Starring Shailene Woodley (second appearance in this list, and, amazingly, still not the last) as Tris, the series is set in a post apocalyptic Chicago that has seen its citizens split into factions based on their character and personalities. The idea behind the story can be a little convoluted, but it has, like many a YA novel set in the future, a somewhat anti-comformist message behind it, and best of all a superb performance from Woodley who carries the movies on her shoulders, while giving brilliant supporting roles to the likes of Kate Winslet, Ashley Judd, Tony Goldwyn, Maggie Q and Zoe Kravitz. It also features Miles Teller, from The Spectacular Now, reuniting with Woodley, as well as Ansel Elgort, who also stars with Woodley in…
The Fault in Our Stars
It couldn’t fail. John Green’s source novel, Shailene Woodley, Ansel Elgort, not to mention Laura Dern. The novel was an absolute heart breaker, although as is the case with John Green, managed to mix almost unbearable emotional poginancy with some wonderful humour. Directed by Josh Boone, and adapted by Neustadter and Weber, the film was a critical hit and made a fortune at the box office, cementing Woodley as a star and launching Elgort to star in movies such as Baby Driver.
A comedy about cancer (yes, really) the movie is centered around the romance between cancer support group attendees Hazel (Woodley) and Augustus (Elgort). It may sound like a ticket to a box of tissues (well, it is) but it’s so much more than a manipulative weepy; the book and movie feel all too real and when the film does go into more sad and emotional territory, it does so in a subtly unexpected way. Make no mistake, the book and the film adaptation are gorgeously put together, and the film became a deserved box office smash, grossing over $300 million of the back of a $12 million budget, not to mention also having a great soundtrack that makes devastating use of M83’s “Wait” in the final moments.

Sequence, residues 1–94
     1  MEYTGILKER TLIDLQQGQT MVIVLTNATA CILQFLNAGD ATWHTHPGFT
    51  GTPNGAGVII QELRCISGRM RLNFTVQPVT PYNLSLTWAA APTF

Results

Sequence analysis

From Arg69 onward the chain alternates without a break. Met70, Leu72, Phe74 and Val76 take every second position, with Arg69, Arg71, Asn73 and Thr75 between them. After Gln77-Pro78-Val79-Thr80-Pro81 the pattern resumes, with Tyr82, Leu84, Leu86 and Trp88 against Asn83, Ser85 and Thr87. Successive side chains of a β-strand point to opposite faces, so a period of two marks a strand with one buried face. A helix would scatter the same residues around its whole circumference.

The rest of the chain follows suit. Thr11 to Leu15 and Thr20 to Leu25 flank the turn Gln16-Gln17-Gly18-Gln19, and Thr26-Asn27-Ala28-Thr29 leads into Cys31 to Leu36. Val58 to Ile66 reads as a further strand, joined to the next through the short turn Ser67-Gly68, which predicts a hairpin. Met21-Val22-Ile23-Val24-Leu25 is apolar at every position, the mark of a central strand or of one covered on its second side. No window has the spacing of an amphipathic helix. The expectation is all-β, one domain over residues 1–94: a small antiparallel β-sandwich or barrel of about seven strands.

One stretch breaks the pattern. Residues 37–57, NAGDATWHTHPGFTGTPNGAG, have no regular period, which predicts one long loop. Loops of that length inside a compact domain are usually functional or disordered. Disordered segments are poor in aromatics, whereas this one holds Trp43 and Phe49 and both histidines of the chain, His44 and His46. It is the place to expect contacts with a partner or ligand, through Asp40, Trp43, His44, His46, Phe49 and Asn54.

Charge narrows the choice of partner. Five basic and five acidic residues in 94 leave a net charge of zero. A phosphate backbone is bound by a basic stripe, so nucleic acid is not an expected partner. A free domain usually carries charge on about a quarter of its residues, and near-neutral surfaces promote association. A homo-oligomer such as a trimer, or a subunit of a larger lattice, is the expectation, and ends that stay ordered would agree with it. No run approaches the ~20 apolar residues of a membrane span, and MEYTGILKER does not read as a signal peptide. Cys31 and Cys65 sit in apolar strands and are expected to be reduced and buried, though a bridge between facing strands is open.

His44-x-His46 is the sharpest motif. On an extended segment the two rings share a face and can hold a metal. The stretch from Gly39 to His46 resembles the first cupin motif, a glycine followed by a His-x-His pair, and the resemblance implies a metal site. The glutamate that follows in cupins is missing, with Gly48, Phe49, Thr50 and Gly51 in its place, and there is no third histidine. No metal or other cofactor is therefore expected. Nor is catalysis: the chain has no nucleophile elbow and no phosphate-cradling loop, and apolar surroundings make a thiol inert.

The Perks of Being a Wallflower
Brought to the screen by the book’s own author, Stephen Chobsky (the director of the recent Wonder), The Perks of Being a Wallflower is a perfect little book that gets the move treatment it deserves. With a cast including Logan Lerman, Emma Watson, Ezra Miller and Mae Whitman, the film is charming, funny, yet deeply sad and deals with some themes that may prove triggering, but which are very well handled.
Best of all, the central trio at the heart of the movie are brilliantly portrayed by Lerman, Watson and Miller, Watson in particular showing that there was going to be more to her than Hermione from Harry Potter, Miller showing that he could do funny and charming, and this coming after an incredibly intense performance in We Need to talk about Kevin, while Lerman is a genuine heartbreaker with a performance that is deeply likable and almost unbearably sympathetic.
Plus, Mae Whitman. Every movie should have Mae Whitman in it.
Maze Runner: The Death Cure is on general release from Friday.